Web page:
Besides the premium, it shall be considered the variations in the quality, characteristic and substance content of the goods sold.
Moreover, the commodity value may suffer adjustments related to the differences of the value supported by the seller and the specifications of the template agreement established by the exchange market or sectorial research institutions, taking into account the specific business conditions, sales conditions (Incoterm), conditions of content and nature, and adjustments corresponding to the variables that are considered in the commodity’s specific quotation:
1. payment term,
2. negotiated quantities,
3. climatic influences in the imported good characteristics,
4. intermediation costs in the purchase and sale transactions carried out by non-related companies,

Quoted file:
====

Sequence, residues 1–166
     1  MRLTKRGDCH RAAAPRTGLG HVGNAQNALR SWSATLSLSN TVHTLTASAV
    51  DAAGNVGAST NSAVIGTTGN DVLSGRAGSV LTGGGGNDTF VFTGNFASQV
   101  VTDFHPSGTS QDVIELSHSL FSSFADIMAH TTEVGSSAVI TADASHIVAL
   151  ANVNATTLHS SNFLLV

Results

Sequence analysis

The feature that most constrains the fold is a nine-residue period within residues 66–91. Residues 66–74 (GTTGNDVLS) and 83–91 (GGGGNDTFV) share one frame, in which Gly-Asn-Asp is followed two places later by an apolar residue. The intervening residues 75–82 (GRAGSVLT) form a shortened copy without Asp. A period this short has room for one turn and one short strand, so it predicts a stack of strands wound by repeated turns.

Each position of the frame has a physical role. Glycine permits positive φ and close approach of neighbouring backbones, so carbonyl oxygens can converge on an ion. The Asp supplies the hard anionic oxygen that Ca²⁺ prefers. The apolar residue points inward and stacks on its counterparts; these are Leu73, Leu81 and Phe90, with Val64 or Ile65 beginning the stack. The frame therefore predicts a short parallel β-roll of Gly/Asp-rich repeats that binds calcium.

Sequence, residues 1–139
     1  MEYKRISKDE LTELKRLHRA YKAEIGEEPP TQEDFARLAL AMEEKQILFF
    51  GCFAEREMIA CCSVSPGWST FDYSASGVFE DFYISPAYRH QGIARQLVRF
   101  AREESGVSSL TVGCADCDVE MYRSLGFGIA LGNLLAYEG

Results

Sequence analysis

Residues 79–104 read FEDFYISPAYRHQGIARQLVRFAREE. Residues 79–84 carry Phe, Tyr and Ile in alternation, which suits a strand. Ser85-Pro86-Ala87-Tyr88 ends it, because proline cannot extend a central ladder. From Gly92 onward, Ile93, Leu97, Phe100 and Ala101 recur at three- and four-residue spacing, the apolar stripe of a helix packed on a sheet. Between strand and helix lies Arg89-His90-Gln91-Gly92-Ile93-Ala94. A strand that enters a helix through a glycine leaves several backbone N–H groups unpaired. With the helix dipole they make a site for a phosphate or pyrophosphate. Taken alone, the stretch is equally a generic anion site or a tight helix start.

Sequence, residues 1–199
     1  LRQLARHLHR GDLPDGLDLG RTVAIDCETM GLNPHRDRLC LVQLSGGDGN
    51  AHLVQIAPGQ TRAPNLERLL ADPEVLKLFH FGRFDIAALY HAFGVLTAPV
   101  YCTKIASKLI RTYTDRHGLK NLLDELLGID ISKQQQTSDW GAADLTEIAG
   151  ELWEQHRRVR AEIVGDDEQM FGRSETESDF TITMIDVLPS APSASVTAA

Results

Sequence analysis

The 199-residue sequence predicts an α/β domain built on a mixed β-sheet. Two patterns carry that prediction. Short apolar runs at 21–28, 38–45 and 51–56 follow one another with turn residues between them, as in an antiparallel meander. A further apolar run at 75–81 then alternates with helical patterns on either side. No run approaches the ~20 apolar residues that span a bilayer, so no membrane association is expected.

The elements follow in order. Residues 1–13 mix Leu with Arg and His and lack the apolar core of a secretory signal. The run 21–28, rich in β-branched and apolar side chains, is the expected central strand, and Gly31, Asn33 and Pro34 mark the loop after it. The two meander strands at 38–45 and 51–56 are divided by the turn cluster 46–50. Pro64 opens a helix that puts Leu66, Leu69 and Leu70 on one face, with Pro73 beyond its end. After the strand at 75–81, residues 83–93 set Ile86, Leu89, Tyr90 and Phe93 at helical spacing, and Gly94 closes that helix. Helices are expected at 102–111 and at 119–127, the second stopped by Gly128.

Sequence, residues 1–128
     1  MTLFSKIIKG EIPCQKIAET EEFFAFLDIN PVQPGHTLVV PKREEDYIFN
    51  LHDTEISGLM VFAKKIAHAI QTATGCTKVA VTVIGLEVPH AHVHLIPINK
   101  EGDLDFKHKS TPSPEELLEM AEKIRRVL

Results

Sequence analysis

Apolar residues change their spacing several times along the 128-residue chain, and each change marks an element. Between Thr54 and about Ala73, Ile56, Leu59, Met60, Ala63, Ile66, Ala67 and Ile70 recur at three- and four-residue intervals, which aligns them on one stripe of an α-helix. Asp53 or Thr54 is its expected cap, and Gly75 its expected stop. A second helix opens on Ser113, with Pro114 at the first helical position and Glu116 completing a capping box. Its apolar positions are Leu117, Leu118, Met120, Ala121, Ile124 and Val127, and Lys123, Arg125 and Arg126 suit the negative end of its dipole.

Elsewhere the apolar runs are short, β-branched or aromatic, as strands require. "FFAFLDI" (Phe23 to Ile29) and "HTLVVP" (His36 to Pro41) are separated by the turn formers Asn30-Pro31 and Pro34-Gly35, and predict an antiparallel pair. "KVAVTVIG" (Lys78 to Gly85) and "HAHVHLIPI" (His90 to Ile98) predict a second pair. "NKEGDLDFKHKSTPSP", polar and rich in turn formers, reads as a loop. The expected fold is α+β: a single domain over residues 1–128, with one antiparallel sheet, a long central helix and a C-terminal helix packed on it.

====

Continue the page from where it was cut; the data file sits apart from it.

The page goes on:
5. packaging,
6. insurance and freight,
7. costs of landing at the port, of internal transport, of storage and of customs clearance including the import taxes and duties, all in the destination country of the commodity.

Methods Applicable to the Export of Goods, Services and Rights

For application of any of the methods described below, the price of export in a transaction among related parties shall be inferior to 90% of the average price performed in sales among non-related parties in the Brazilian market (if any). In other words, in case the price of export for the related party do not reach such percentage, the company will have to prove that it complies with the rules of transfer pricing according to the amount defined through one of the five methods provided in the legislation for purposes of export.

Export Sales Price Method -CUP